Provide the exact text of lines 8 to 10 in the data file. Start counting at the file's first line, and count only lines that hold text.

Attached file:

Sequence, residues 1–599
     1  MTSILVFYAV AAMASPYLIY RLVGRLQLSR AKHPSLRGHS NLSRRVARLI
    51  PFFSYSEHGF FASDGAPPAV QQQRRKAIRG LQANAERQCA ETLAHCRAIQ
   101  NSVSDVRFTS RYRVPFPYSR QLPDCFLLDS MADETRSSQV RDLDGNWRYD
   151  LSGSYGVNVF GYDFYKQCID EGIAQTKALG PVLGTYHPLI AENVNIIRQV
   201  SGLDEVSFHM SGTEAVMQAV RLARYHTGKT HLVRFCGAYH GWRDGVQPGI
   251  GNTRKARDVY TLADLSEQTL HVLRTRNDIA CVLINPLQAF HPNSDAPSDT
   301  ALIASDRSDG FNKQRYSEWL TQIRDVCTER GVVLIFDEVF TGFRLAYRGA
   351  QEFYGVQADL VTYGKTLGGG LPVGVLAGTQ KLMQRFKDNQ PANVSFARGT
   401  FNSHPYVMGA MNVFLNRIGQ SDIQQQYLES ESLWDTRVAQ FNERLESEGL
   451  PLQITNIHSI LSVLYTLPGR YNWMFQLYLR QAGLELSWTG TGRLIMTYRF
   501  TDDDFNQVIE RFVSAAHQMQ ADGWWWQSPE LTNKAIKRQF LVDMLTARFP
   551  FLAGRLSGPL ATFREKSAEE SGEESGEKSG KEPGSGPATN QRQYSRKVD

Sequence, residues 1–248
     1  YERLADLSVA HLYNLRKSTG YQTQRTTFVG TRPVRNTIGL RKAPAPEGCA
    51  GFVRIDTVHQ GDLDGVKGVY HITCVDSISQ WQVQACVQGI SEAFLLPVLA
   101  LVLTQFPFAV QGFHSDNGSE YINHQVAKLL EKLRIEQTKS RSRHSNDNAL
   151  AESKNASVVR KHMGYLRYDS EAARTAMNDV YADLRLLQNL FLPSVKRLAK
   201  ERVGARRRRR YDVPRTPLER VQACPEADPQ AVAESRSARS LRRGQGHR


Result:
   301  ALIASDRSDG FNKQRYSEWL TQIRDVCTER GVVLIFDEVF TGFRLAYRGA
   351  QEFYGVQADL VTYGKTLGGG LPVGVLAGTQ KLMQRFKDNQ PANVSFARGT
   401  FNSHPYVMGA MNVFLNRIGQ SDIQQQYLES ESLWDTRVAQ FNERLESEGL